Kyrgyzstan eyes China as an export market

By Mark Godfrey

- Last updated on GMT

Kyrgyzstan looks to supply meat to China instead of being a customer
Kyrgyzstan looks to supply meat to China instead of being a customer

Related tags Kyrgyzstan Central asia Meat

Chinese meat processors are being courted for investment by a leading destination for the country’s meat exports. 

A major beef processor in northern China, Liaoning Luyuan Meat Industry Co, is one of several firms visited recently by delegations from lightly populated central Asian state Kyrgyzstan, which wants the Chinese firm to set up processing operations in the country, which borders China’s western frontier. Chinese poultry producer Huaying Agricultural Development Inc was also visited by the delegation.

According to a Chinese government statement on the visit, an official Kyrgyz delegation of agricultural officials and businessmen has been pushing Chinese meat companies to consider setting up operations to kick-start the meat industry in Kyrgyzstan, which has been a market for packaged Chinese meat.

Kyrgyzstan is mainland China’s biggest destination for beef, and is the third-largest market for Chinese exports of sheep or goat meat, as well as poultry meat according to Chinese customs data and Chinese research consultancy Converging Knowledge. Much of this meat product, however, is shipped onwards through Kyrgyzstan to other former Soviet states.

Now the country wants to position itself as a supplier rather than a customer for China. In addition, a frequent visitor to China, former prime minister of Kyrgyzstan Joomart Otorbayev, has exhorted producers to position themselves as high-value organic meat suppliers to China’s consumer market.

Luyuan, which operates feedlots and meat processing plants in north-eastern China, distributes its ‘YingFu’ brand of chilled packaged products around China, but the firm also claims to sell halal-compliant beef to (predominantly Muslim) central Asia as well as Middle Eastern markets like the United Arab Emirates and Kuwait.

Home to six million spread over nearly 200,000sq km, Kyrgyzstan has struggled to find its way economically after the end of the Soviet Union. The country remains dependent on imports, which are six times more than exports that totalled almost US$2 billion last year, with the bulk of imports coming from China.
According to Chinese records Kyrgyzstan imported RMB46.2 million-worth of Chinese meat products in 2014, the last year for which there are full figures. There is no indication that China is importing any Kyrgyz meat through formal channels.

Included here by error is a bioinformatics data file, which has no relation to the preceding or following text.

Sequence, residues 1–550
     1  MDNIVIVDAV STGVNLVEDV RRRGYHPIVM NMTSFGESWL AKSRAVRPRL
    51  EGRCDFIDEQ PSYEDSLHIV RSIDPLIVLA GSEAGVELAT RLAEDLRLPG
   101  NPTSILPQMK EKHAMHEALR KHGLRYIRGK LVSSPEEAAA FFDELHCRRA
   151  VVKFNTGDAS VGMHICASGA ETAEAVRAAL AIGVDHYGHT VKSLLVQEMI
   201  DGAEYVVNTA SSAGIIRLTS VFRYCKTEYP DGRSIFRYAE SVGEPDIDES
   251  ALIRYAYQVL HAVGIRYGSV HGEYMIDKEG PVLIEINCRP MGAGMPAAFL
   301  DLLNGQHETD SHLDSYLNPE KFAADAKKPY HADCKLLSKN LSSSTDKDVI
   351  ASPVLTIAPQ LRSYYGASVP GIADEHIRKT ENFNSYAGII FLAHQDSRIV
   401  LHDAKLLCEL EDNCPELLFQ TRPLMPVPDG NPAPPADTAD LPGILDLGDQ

Any move by Luyuan to set up facilities in Kyrgyzstan would make sense, according to Chinese government policy. The visit by the Kyrgyz delegation to Chinese processors comes as China’s government seeks to promote its One Belt One Road policy, which is a cornerstone initiative of current president Xi Jinping’s administration: it seeks to use Chinese money (a US$60bn fund has already been established) to build infrastructure to revive the traditional Silk Road, which ran through Kyrgyzstan and Central Asia, and in turn stimulate sales of Chinese goods along the route.

Formerly part of the Soviet Union, Kyrgyzstan remains under Russian influence but relies on China for imports and earns fees as a transit trade route into central Asia. Crucially, late last year Kyrgyzstan became a member of the Eurasian Customs Union (EACU), a free-trade zone that also includes Russia, Kazakhstan, Belarus and Armenia. That means manufacturers or processors based in Kyrgyzstan will be able to sell duty-free into a large section of the former USSR. However, membership of the bloc also means higher tariffs on non-member states like China.

Even as China ships processed meat products to Kyrgyzstan, Chinese trade officials were instrumental in the opening of a ‘Lanzhou Chinese Beef Noodles’ restaurant in the Kyrgyz capital of Bishkek in December. Meanwhile, the slowdown in China’s demand for commodities like coal and ore has led to a rush of interest in the country’s beef sector from countries feeling the pinch. For example, Mongolia, a major supplier of coal and copper to China, is now seeking to supply the country with meat. 

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